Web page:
Typical FOS decisions on Sunny complaints
Sunny’s business model seems to involve giving small loans but a lot of them, often letting a borrower have several at once.
People who think their Sunny loans are unaffordable – they could only repay them by borrowing again – are making an affordability complaint and asking for a refund of the interest they paid. This is explained in detail in How to ask for a payday loan refund which has a free template letter you can use.
When FOS considers an affordability complaint about a lot of small payday loans, it looks at whether the loans were unaffordable for the borrower and when the lender should have realised that the borrower was becoming dependent on these loans.
So the typical FOS decision is usually to refund all loans after the first few. And this is exactly what FOS decisions on Sunny cases are showing.
Here are some comments left by Debt Camel readers over the last few months:
- Adjudicator has suggested that Sunny pay all interest on loans 6-14.
- Adjudicator rules in my favour for loans 5-42 with sunny. They have already agreed to pay me £2800 for loan 37-42.
- The adjudicator has upheld my complaint against sunny for loans 5-15.
- My adjudicator ruled in my favour … 54 loans out of 58.
- Adjudicator said sunny should refund loans 6-122. [That wasn’t a typo, I checked with the reader and she really did have 122 Sunny loans.]
- Adjudicator has come back today and said he thinks sunny should refund me for loans 3-26.
- Adjudicator recommends Sunny refund loans 5-35.
- Adjudicator has emailed me and has agreed loans 4-31 with Sunny should not have been lent.
- The adjudicator upheld my complaint with Sunny for loans 7-37.
- The adjudicator has said in the email that [Sunny’s offer to refund loan 46 to 53] was unfair and that Sunny should refund me from loan 5 to loan 53.
No-one has said that their FOS adjudicator agreed with Sunny that only the later loans in a long series should be refunded.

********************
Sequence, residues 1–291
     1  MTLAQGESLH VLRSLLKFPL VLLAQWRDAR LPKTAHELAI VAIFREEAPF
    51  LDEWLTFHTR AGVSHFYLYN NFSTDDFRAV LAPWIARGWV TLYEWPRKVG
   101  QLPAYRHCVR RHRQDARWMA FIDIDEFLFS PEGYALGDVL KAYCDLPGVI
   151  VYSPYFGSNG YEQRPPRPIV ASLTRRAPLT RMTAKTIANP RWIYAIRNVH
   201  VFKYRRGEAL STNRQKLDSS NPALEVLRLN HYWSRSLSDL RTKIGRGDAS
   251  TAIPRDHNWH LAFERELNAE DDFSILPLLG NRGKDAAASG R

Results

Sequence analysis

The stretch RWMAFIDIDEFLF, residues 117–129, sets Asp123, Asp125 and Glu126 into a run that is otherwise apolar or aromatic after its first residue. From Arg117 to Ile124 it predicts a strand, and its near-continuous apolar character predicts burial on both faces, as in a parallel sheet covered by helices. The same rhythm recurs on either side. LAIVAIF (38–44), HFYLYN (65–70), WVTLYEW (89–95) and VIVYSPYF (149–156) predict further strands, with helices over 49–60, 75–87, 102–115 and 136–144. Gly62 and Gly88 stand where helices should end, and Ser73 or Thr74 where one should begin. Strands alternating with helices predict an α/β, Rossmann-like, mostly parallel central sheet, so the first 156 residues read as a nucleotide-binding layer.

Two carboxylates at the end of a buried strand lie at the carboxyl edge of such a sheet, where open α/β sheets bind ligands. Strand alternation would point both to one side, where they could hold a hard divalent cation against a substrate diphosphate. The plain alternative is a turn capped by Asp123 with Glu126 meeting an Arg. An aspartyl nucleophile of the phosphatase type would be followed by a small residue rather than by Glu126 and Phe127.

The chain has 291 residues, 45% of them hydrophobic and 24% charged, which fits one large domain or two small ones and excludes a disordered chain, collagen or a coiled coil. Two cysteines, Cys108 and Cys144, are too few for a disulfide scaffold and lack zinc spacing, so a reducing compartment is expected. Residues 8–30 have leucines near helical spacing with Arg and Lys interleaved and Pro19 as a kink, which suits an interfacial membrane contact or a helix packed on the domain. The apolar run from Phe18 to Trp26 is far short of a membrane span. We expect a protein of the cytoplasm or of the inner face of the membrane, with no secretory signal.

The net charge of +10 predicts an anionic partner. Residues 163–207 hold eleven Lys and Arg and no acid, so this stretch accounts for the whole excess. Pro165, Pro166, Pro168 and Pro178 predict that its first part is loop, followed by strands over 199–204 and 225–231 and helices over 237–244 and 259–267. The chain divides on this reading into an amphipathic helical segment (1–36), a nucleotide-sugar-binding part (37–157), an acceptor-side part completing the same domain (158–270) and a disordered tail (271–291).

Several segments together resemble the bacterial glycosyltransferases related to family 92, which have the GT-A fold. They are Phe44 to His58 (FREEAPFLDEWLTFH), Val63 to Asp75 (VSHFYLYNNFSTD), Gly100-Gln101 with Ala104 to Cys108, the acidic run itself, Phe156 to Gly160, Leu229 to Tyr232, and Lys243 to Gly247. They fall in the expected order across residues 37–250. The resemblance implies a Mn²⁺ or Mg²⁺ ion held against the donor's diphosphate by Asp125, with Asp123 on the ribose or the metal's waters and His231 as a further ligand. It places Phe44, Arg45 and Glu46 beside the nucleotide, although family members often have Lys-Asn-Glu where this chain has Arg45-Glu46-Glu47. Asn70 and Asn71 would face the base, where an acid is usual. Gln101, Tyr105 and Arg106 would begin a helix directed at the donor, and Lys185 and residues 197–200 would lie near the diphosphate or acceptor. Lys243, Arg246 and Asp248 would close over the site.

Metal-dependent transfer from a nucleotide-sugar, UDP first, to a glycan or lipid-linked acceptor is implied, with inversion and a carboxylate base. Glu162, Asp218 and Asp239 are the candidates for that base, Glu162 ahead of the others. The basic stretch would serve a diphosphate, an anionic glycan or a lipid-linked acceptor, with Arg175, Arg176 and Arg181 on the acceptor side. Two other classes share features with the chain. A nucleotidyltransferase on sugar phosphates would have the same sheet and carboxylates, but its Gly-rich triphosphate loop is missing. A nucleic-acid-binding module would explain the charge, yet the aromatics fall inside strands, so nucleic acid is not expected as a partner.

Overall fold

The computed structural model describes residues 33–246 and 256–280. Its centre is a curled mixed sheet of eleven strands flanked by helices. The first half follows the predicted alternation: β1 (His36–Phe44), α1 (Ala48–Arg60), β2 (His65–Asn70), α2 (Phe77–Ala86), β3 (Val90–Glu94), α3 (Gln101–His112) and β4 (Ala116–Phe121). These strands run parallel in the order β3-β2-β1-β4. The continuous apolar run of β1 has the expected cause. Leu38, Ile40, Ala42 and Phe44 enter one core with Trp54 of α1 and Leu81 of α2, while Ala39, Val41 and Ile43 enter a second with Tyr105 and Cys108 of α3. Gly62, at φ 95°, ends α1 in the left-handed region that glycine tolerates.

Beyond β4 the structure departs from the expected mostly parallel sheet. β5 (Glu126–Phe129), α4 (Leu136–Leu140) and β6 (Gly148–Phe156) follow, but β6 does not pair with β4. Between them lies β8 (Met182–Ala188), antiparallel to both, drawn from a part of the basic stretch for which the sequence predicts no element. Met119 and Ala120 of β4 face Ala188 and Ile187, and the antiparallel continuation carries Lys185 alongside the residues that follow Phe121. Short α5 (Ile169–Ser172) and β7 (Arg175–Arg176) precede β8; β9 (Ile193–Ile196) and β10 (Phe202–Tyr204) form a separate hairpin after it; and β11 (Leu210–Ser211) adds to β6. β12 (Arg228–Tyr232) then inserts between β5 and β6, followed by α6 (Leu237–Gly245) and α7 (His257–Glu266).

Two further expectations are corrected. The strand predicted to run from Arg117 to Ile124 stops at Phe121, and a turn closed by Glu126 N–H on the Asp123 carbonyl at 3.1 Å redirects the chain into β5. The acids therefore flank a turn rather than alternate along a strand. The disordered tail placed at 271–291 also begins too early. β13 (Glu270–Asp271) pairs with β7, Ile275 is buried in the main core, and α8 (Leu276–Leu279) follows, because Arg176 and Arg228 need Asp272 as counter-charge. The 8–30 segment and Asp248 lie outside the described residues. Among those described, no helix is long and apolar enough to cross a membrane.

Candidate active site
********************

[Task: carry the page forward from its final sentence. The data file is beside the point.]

That looks pretty consistent to me!
Sunny isn’t learning from FOS decisions
The FCA’s DISP rules say that a lender should learn from FOS decisions and adopt that approach in how it responds to complaints. But there is no sign of Sunny doing this.
Here are some examples of poor offers or rejections from Sunny on cases that sound very strong:
- 49 loans with them over 3 years continuously, offered me 37-49 (£2,100).
- I had 30 loans from them between 2017-2019. As a goodwill gesture they’ve offered to write off my remaining balance of around £70.
- The complaint has been rejected. I thought I had a strong case I carried out 70 loans with no breaks in borrowing. Paying back a total of £30,052.
And Sunny seems to be rejecting far more adjudicator decisions and forcing the case to go to an ombudsman than is reasonable.
So what isn’t clear?
What the Financial Conduct Authority (FCA) is saying and the Financial Ombudsman (FOS) decisions on Sunny complaints seem both clear and consistent.
I am not surprised that Sunny doesn’t like these decisions. But I think it’s hard to say they are unclear.
I am sure FOS and the FCA would be happy to have a meeting with Sunny to explain, once again, how FOS is deciding affordability complaints.
Sunny basically has three options. It can accept the FOS approach and apply it to future complaints. It can decide to go to court and ask for a judicial review. Or it can give up and go out of business.
To carry on making absurdly low offers or rejections to customers with a lot of loans is not an option.